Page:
Federal regulations should require states to use all money recovered from the estates of Medicaid recipients to improve the program.
The term “estate” under the estate recovery program should be defined no more broadly than it is under state probate law.
Federal regulations should ensure public accountability by requiring estate recovery programs to provide consistent and readily available data on the total costs of the program and the numbers of participants affected. Other essential information should be included, such as the number of exemptions, deferrals, hardship waivers, liens, and contested recoveries.
Federal regulations should ensure that consumers are adequately informed about Medicaid estate recovery. Recovery notices should be timely, clear, and easy to read (e.g., published in an adequate type size). They should include vital information concerning exemptions, deferrals, hardship waivers, liens, and consumer obligations and rights.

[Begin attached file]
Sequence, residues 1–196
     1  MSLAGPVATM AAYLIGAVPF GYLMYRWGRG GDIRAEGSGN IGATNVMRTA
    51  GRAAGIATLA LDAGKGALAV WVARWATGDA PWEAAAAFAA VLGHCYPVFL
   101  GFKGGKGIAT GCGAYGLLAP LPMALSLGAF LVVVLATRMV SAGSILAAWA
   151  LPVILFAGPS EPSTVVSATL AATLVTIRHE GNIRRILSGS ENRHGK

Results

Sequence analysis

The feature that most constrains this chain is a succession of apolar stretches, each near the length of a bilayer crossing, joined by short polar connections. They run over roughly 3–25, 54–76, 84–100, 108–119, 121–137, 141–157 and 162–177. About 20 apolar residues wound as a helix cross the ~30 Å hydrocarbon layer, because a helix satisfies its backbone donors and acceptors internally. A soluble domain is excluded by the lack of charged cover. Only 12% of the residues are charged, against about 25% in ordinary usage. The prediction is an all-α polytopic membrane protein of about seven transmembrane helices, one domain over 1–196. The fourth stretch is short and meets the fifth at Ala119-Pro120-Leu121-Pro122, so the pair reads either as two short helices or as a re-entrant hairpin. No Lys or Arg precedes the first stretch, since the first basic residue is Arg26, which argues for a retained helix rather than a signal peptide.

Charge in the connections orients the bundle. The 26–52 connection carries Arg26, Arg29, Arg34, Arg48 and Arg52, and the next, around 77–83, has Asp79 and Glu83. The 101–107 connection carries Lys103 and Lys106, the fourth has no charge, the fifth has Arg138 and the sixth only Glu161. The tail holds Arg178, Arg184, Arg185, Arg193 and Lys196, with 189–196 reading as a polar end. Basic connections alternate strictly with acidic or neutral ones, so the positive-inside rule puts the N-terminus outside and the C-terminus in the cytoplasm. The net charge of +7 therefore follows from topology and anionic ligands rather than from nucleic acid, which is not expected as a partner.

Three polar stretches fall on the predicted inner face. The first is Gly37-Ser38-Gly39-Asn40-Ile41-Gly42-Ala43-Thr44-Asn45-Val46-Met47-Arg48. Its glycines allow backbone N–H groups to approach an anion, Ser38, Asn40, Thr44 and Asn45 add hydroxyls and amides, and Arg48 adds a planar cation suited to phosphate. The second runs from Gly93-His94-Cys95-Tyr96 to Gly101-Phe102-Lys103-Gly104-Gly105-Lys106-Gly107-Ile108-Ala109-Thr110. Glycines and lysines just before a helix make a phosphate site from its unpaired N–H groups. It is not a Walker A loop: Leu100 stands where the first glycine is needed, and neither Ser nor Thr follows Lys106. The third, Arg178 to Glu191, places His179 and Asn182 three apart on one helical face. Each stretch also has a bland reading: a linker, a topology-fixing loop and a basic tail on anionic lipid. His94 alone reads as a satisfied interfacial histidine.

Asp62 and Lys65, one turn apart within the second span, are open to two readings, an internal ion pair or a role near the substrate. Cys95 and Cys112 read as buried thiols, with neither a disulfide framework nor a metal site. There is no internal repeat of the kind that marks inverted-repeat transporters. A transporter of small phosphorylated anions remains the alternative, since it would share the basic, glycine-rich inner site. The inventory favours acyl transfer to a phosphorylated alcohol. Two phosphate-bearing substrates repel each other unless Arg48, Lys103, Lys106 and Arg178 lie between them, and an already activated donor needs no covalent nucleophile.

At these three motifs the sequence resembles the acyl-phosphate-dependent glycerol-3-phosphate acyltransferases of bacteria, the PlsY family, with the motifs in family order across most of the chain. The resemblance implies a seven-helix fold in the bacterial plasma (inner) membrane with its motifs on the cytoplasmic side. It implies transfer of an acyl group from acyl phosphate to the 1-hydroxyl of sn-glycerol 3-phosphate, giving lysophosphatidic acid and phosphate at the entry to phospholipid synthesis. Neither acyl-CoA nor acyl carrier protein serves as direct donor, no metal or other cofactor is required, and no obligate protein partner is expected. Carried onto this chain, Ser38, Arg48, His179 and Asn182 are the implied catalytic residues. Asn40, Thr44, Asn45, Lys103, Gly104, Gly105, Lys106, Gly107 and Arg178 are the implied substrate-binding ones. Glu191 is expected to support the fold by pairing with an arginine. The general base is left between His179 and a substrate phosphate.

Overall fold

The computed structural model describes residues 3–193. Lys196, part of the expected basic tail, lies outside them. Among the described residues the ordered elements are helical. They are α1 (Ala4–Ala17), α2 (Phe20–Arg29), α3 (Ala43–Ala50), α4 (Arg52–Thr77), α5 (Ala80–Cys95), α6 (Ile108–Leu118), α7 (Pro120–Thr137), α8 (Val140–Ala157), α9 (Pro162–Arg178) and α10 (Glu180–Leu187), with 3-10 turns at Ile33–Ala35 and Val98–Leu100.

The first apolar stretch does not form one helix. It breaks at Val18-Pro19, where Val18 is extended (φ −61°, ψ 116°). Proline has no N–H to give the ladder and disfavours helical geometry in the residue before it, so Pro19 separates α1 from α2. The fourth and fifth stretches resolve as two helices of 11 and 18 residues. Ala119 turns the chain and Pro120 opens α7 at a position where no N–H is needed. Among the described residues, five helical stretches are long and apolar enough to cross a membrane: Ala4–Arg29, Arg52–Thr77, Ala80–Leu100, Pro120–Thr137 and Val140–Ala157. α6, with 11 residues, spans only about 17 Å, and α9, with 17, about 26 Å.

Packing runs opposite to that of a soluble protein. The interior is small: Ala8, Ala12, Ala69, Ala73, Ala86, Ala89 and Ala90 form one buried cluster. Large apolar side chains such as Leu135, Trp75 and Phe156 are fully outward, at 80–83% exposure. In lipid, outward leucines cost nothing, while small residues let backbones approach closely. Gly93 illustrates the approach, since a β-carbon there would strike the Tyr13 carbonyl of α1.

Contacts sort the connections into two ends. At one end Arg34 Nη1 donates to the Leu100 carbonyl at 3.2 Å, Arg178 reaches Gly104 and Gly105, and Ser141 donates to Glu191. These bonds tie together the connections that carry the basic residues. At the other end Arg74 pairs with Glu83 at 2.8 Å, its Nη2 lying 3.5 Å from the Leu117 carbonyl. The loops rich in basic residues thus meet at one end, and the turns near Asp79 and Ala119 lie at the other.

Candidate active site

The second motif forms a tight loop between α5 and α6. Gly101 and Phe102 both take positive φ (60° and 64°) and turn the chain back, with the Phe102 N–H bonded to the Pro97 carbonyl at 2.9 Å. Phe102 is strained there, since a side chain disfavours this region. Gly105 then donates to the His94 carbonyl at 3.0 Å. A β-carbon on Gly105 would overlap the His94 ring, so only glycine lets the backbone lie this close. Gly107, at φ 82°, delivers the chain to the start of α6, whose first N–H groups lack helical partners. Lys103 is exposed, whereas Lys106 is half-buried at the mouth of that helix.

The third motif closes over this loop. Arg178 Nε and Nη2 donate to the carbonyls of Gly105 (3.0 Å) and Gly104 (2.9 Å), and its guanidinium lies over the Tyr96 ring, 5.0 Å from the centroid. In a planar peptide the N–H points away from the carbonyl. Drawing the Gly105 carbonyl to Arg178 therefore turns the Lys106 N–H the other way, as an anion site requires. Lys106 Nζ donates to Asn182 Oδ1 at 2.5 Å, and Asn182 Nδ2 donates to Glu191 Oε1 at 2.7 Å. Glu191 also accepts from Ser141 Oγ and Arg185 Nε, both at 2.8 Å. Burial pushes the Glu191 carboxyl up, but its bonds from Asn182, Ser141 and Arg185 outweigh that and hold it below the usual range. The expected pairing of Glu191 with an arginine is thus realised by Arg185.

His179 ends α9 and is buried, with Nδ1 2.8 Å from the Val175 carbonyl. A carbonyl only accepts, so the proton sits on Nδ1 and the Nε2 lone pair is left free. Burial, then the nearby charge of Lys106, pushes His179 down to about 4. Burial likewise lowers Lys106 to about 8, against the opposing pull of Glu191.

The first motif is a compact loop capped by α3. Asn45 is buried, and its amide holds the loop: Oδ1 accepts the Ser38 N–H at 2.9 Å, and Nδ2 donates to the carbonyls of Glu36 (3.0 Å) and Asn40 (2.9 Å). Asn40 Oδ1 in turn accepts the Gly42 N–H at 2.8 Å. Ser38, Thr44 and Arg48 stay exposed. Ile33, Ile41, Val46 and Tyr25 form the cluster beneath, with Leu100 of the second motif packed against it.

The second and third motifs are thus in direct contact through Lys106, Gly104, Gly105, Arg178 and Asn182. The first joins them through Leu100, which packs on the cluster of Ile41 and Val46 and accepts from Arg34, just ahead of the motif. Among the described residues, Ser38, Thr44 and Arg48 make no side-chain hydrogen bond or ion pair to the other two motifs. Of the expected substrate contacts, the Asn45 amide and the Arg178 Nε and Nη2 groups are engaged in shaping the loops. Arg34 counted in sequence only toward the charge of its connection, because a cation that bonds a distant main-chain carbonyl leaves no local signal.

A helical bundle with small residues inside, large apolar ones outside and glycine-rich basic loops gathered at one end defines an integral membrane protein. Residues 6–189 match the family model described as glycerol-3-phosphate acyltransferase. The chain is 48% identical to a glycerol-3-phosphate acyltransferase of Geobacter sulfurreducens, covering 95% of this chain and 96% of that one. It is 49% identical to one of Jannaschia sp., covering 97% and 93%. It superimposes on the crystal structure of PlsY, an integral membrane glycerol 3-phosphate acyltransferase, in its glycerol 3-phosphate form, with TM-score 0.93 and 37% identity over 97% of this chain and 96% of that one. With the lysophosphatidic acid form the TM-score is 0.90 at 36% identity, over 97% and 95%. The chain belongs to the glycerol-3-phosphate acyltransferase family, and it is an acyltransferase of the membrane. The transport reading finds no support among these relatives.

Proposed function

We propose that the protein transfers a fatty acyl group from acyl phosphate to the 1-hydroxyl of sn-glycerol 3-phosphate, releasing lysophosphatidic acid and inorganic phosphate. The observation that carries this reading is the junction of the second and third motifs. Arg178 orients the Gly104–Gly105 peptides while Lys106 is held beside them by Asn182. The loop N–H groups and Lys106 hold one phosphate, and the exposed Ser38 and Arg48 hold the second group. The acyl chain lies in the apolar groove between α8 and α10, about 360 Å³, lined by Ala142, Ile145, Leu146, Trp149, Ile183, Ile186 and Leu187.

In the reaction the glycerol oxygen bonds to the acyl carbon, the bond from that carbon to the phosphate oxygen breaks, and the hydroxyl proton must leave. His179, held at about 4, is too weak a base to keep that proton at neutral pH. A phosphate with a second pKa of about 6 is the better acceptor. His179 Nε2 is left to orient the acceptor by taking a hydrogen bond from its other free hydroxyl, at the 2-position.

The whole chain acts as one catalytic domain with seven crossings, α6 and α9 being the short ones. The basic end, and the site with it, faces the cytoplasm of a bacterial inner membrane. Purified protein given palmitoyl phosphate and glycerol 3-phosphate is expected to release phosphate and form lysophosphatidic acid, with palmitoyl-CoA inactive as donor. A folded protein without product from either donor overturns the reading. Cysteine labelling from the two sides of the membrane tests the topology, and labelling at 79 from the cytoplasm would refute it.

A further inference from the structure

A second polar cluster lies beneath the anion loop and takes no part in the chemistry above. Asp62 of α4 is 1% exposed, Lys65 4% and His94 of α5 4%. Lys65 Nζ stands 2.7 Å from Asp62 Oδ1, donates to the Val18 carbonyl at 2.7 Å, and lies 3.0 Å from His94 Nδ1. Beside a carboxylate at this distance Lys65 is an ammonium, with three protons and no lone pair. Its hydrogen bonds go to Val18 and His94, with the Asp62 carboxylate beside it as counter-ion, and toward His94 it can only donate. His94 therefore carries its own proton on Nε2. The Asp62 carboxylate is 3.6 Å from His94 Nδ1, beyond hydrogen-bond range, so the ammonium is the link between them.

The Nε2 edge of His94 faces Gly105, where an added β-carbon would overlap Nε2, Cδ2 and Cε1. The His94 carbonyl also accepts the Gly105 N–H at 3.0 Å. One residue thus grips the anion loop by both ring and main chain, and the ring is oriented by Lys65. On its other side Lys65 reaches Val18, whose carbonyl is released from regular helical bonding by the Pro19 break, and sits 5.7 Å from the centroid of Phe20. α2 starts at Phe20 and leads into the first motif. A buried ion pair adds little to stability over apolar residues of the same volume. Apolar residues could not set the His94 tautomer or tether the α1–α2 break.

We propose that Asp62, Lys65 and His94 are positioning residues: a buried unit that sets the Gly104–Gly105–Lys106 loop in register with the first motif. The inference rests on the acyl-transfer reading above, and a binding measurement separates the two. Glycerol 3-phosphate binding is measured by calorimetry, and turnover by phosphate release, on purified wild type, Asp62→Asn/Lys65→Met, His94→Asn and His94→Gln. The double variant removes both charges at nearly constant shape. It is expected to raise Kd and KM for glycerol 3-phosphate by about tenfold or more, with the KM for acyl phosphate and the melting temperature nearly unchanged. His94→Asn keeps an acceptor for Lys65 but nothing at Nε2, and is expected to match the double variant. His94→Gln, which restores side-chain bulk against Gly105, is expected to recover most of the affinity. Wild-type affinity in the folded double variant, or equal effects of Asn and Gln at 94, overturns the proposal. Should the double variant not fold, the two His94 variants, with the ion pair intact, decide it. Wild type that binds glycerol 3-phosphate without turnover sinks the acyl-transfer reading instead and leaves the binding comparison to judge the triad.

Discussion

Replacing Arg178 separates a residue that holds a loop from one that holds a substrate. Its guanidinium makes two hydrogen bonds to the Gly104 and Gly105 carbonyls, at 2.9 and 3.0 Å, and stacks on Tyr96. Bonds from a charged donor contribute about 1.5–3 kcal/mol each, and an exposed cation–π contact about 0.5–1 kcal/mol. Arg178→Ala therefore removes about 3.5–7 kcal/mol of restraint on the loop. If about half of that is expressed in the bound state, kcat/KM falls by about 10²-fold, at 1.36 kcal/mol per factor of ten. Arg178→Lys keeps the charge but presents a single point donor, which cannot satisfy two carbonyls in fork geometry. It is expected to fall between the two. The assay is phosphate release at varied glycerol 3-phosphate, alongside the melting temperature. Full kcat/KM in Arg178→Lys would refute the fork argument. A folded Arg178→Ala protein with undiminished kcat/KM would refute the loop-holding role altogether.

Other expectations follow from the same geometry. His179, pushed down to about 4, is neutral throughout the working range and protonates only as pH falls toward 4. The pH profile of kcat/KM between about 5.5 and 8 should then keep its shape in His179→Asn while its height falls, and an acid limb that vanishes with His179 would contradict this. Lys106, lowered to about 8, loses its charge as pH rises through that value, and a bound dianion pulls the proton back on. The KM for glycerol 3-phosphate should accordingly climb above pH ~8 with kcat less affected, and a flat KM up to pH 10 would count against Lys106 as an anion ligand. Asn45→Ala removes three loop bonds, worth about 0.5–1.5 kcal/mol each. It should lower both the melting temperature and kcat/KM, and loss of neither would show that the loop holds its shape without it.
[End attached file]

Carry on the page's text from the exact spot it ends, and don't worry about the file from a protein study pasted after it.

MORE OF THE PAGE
Federal regulations prohibiting states from placing liens on the property of Medicaid recipients who receive LTSS in the home and community should remain in force.
Medically needy programs
The federal government should require all states to implement medically needy programs for people who need LTSS in all settings.
States with medically needy programs for nursing facility residents should retain them.
States without medically needy programs should use the special income rule of 300 percent of the Supplemental Security Income benefit level.
Personal needs allowance (PNA)
The federal government should increase the minimum PNA for Medicaid participants in nursing facilities and residential care settings. The allowance should be adjusted annually to account for changes in the cost of items for personal needs.